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Apple sells a record $17 billion in debt

Investors gobble up the debt offering, the proceeds of which will be used to fund dividends and share repurchases.

Apple employees cheer in the new Apple Store before it opens in Wangfujing shopping district on October 20, 2012, in Beijing. Getty Images

Apple had a field day with its first debt offering since 1996.

Investors hungrily gobbled up $17 billion in Apple bonds, the largest offering in corporate history. The proceeds will be used to help fund the company's ambitious plan to return value to shareholders through share repurchases and dividend payouts.

The bond sale comes on the heels of Apple's plans to double its capital return program, which involves spending an additional $55 billion in dividend payments to investors. Apple also said it would be spending an extra $50 billion in repurchasing company stock along with increasing its quarterly dividend.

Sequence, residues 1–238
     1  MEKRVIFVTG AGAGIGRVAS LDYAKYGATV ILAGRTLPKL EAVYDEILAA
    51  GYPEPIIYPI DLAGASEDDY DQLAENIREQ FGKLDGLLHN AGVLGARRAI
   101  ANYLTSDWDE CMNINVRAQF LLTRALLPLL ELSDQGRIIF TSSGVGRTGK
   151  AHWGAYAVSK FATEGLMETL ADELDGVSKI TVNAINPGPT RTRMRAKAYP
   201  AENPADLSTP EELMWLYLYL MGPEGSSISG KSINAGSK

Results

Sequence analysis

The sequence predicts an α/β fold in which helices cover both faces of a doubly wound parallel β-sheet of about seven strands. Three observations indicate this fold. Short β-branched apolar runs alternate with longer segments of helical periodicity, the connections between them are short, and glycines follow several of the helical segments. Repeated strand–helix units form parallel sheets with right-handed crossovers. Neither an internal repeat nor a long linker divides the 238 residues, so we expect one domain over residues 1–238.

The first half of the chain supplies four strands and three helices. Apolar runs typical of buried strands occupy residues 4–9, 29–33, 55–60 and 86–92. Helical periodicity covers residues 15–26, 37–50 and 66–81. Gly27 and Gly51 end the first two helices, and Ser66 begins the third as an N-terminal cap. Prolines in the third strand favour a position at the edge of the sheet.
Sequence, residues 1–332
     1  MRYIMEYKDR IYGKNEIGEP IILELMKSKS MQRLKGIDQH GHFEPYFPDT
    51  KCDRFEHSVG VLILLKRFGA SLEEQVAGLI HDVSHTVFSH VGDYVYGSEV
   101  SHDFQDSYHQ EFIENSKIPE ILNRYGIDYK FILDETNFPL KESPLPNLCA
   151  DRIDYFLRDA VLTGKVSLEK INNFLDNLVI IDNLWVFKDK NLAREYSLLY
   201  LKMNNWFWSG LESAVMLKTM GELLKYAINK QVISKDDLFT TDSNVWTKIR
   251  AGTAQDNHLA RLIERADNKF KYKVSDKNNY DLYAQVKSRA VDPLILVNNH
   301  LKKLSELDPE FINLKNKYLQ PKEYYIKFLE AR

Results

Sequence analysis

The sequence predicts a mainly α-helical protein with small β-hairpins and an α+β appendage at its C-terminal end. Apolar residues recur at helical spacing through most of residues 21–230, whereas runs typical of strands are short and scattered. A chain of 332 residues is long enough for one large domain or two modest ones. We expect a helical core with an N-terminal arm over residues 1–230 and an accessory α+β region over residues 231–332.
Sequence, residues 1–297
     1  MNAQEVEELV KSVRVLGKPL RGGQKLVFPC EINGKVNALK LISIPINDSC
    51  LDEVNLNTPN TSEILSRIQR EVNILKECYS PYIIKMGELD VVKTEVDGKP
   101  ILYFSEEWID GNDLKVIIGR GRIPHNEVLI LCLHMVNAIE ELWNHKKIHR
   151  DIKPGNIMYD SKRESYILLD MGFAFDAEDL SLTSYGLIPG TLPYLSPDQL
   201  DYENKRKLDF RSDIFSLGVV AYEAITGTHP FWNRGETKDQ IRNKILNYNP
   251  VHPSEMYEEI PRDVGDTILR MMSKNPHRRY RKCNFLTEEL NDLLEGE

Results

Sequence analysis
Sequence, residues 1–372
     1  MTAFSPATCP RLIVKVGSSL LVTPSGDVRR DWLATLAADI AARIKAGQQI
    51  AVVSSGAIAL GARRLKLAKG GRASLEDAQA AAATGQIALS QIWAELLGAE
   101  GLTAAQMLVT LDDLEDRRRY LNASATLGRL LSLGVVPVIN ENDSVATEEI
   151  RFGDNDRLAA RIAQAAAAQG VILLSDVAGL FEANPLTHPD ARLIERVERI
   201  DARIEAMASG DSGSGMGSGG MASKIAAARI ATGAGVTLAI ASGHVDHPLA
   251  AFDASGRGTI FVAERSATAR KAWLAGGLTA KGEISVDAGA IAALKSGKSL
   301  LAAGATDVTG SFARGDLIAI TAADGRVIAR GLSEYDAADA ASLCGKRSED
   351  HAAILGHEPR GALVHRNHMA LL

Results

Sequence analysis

The bond offering was split up into six parts with varying maturity dates. Apple benefited from historically low interest rates, which are set by the U.S. Treasury.

Apple brings a little cool -- and stability -- to the bond market. The company's debt is considered safe because of its cash hoard, which it said grew to $145 billion in the last quarter. Of that total, roughly $100 billion is held overseas, and Apple would have to pay a hefty tax to bring it back into the U.S.

As such, it is more cost-effective to offer debt when the interest rate is so low.

The last time Apple issued any sort of debt was in 1996, when the company's future was quite uncertain. The plan then was for $573 million in notes that could be converted into Apple stock at a fixed price.

Apple's stock has been on the mend for the past week, closing higher for the past seven days of trading, bringing it back to levels recorded near the end of March.

Shares in Apple inched up 0.6 percent to $442.78 in premarket trading on Wednesday.